What’s behind the rising cost of power supplies?

Sager Electronics explains how long-term planning, good communication and partnerships with authorized distributors help when sourcing power supplies.

Sager Electronics’ director of supplier marketing for power products, Paul Kopp

AC/DC and DC/DC power supplies are complex and typically have hundreds of components on a BoM. Given their intricacies, sourcing power supplies has always had a degree of complexity but the current environment has made it more challenging. Three key factors have impacted the power supply market: lead times, transportation and pricing/inflation.

Pre-pandemic, standard manufacturing lead times for power supplies were typically 8 to 12-weeks. In the pandemic’s early days, demand and production slowed and manufacturing lead times moderately increased to 15 to 20-weeks. At that time, customers and distributors operated on a just-in-time (JIT) basis, with customers ordering based on lead time or less, and distributors managing inventory based on customer forecasts. As the pandemic dragged on, material and production employee shortages continued to strain capacity and lead times jumped to 24, then 36-weeks and are now averaging >60-weeks. JIT is now a thing of the past, and while power supply manufacturers face ongoing difficulties finding critical components, pent-up customer demand has overwhelmed the supply chain.

Transportation lead times correlate with component lead times. Shortages in staff, changes in policy, rising fuel costs and other issues have impacted transportation time and costs. For example, transporting a product from Southeast Asia to Long Beach, California would typically take four to six-weeks via ocean freight. Now, that has extended to >16-weeks in some cases. Pre-pandemic, it was fairly easy to authorize air shipments. Now, the cost of doing so has tripled and quadrupled. Power supplies can be heavy, large and bulky. With weight, size and price, it’s a challenge to expedite freight shipments without paying a hefty price.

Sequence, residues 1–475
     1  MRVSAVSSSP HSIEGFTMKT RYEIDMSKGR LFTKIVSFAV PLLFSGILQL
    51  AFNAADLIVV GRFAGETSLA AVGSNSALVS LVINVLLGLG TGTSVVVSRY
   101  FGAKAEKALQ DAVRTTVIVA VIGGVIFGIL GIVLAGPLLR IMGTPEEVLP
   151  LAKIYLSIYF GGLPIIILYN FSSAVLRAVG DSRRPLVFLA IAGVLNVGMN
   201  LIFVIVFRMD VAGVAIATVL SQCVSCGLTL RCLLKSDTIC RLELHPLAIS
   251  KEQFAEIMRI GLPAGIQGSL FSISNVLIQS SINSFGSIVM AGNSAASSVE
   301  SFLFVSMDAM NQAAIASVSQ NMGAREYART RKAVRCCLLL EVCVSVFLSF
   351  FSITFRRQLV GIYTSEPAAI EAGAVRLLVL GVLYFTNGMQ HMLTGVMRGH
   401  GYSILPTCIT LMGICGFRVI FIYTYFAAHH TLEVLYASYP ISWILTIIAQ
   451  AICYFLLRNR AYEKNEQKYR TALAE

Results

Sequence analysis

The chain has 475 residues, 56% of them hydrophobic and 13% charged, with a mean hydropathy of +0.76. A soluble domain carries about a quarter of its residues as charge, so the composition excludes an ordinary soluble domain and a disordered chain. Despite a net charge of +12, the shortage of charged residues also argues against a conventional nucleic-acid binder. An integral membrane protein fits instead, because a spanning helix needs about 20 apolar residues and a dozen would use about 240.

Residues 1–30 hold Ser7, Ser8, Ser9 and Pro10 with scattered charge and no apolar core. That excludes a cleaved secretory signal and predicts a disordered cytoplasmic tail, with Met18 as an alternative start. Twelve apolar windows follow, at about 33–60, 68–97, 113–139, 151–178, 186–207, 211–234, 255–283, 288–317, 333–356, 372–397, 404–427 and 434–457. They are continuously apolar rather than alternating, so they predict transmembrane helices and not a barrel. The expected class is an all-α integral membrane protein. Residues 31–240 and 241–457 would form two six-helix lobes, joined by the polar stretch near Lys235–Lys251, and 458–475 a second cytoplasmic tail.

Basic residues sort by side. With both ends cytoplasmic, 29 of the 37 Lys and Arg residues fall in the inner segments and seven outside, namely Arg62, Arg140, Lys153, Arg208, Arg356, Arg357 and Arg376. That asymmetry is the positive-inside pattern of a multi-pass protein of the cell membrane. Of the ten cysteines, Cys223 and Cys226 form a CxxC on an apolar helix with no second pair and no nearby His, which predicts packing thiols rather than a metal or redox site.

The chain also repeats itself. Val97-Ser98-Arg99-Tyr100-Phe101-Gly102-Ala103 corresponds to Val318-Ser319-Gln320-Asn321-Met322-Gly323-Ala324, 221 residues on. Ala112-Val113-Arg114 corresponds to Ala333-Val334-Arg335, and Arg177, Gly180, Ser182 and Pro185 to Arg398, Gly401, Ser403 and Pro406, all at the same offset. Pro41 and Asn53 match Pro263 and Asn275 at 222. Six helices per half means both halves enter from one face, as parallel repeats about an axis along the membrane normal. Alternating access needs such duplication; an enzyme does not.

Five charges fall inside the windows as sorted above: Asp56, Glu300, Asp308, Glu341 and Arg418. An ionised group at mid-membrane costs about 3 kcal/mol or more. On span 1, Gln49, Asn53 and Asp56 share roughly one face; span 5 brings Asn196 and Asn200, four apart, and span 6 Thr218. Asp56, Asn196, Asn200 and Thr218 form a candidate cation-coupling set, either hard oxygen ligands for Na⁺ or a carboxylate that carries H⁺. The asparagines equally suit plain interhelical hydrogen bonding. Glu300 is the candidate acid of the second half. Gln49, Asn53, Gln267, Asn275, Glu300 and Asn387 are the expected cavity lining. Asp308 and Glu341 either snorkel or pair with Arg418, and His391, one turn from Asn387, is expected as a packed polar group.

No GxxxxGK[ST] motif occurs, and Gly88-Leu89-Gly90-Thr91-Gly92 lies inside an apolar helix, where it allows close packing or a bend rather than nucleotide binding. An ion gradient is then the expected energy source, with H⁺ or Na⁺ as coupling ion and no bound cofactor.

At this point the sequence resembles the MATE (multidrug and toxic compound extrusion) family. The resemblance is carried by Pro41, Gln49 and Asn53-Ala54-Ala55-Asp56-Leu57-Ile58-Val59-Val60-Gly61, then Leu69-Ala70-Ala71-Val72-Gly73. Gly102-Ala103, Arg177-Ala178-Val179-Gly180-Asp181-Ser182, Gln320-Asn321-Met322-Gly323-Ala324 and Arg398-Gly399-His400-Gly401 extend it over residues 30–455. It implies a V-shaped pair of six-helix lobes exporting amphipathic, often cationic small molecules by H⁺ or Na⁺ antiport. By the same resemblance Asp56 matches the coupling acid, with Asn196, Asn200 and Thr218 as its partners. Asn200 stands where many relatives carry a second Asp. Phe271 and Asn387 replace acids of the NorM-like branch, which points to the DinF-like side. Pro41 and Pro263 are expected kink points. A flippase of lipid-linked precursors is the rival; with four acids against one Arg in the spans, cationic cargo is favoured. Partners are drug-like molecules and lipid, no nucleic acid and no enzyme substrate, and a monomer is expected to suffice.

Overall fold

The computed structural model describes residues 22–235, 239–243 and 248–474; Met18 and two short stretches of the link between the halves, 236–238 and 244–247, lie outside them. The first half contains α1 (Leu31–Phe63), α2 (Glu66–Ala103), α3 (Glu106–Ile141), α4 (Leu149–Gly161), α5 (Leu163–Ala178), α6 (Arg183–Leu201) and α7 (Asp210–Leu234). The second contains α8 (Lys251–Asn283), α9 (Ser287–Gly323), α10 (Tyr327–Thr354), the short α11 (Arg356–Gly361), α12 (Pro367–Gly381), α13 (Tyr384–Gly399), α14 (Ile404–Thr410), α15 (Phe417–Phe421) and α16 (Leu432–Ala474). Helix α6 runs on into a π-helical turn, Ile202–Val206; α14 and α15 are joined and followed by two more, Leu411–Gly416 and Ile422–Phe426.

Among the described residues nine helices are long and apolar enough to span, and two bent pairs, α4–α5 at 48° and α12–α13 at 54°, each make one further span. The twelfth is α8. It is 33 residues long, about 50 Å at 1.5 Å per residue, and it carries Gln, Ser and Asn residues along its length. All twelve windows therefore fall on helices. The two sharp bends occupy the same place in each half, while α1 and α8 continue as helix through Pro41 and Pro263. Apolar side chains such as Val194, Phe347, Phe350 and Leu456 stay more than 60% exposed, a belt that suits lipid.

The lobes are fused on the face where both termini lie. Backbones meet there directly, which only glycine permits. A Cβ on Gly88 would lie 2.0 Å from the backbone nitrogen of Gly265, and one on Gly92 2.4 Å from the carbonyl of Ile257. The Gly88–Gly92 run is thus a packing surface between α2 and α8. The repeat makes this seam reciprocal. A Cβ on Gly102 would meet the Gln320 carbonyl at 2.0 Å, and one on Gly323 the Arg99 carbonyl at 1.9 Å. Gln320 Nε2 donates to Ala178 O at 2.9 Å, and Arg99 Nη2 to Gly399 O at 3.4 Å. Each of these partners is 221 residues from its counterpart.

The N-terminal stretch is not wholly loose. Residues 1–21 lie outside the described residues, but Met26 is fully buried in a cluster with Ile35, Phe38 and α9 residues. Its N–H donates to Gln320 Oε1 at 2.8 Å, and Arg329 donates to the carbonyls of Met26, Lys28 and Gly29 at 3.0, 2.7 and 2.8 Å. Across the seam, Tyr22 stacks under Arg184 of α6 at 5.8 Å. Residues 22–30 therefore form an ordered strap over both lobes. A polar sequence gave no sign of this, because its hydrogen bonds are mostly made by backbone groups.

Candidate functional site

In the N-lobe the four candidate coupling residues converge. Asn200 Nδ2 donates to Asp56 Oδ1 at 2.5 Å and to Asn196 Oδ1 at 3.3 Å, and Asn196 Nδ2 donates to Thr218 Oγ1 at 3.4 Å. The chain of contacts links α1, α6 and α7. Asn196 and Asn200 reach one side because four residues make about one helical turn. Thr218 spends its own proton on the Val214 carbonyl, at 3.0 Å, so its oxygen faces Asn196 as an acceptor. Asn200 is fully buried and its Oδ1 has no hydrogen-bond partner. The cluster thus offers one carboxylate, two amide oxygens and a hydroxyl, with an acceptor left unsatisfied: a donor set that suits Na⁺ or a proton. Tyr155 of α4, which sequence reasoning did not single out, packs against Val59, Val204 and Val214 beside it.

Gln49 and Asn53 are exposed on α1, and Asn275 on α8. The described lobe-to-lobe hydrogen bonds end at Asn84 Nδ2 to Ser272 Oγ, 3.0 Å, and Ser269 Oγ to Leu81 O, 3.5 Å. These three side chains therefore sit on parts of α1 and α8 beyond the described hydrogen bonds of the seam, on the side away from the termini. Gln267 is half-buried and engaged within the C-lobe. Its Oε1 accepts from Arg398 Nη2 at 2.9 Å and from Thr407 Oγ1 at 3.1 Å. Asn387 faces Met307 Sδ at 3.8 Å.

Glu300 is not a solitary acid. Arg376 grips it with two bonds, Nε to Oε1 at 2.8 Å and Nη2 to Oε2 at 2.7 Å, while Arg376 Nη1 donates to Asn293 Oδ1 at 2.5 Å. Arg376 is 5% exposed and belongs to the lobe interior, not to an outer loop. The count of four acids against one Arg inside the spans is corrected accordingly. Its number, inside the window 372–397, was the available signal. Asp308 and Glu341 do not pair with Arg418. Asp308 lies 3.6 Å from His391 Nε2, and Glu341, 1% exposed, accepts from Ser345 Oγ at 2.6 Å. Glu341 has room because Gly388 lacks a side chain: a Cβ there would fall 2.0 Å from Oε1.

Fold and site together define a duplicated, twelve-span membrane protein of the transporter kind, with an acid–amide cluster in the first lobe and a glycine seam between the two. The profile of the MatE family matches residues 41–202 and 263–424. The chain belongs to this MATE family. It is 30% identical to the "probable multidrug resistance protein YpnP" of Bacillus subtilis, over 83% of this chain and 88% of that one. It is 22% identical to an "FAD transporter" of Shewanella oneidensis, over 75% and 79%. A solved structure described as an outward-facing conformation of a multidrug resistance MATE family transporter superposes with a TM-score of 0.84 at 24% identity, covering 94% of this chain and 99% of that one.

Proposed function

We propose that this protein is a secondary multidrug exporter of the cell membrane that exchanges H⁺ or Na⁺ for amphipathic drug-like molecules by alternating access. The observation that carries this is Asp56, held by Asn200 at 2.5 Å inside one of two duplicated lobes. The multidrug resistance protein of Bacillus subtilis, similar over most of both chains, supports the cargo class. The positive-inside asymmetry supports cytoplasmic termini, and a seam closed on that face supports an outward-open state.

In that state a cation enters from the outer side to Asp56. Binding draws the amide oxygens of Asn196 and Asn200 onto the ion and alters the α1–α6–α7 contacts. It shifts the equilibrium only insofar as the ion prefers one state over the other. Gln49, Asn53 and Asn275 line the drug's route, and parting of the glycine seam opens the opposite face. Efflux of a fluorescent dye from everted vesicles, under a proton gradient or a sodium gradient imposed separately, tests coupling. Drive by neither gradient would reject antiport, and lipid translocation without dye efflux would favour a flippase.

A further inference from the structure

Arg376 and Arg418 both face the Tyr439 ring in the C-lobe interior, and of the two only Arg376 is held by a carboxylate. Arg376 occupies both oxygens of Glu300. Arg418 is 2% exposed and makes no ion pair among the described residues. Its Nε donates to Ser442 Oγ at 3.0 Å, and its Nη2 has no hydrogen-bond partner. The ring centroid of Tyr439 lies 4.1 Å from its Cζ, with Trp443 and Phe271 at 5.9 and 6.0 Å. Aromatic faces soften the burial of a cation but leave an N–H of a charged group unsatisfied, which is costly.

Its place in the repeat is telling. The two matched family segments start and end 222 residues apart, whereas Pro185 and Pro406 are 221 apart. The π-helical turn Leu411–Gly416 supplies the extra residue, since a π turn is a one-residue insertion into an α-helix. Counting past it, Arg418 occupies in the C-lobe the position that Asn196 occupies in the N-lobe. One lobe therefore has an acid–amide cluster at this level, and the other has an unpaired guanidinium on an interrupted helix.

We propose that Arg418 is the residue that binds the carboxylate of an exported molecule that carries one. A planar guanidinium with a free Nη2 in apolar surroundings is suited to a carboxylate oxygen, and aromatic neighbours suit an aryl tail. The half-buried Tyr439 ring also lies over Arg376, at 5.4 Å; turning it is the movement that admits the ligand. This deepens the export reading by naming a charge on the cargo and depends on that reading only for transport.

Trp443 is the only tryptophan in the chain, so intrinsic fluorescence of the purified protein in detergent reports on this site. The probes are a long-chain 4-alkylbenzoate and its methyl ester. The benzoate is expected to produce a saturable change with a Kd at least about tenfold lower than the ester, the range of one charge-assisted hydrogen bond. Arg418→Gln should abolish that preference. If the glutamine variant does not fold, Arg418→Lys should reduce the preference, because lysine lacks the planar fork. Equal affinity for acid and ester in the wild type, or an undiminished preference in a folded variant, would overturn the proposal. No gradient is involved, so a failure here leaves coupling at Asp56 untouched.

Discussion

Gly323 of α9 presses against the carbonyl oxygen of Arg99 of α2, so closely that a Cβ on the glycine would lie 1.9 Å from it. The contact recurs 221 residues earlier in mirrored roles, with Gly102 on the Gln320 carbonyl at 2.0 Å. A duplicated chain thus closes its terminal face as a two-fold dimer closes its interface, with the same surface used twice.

Trends including parts shortages, material costs, transportation, robust consumer spending, wages and uncertainty have sent prices through the roof. With inflation at a 40-year high and supply chains that can’t catch a break, these issues are taking a toll. With most power supplies manufactured in China, customers are also dealing with tariffs. Geographic diversification is helping, but it takes time.

It is hard to predict the next six to twelve-months but Shanghai, Guangzhou and other vital manufacturing areas are still experiencing rolling lockdowns and forced closures. Regarding transportation and logistics, the International Longshore and Warehouse Union contract is set to expire on June 1, 2022. A short or long-term strike at the west coast ports would cause extreme disruptions.

What will likely happen first is transportation challenges will improve, fostering improvement in other areas, and over time, supply and demand fluctuations will smooth out.

What can buyers do to minimize the impact until then? Update lead times in purchasing systems and source longest lead time items first as power supply orders are already being placed for 2023 and 2024. Partner with an authorized distributor like Sager Electronics, which is receiving containers of power supplies weekly and has a technical sales team to help source in-stock power supplies. Sager can manage forecast and support bonded inventory for power supplies and other critical long lead time items.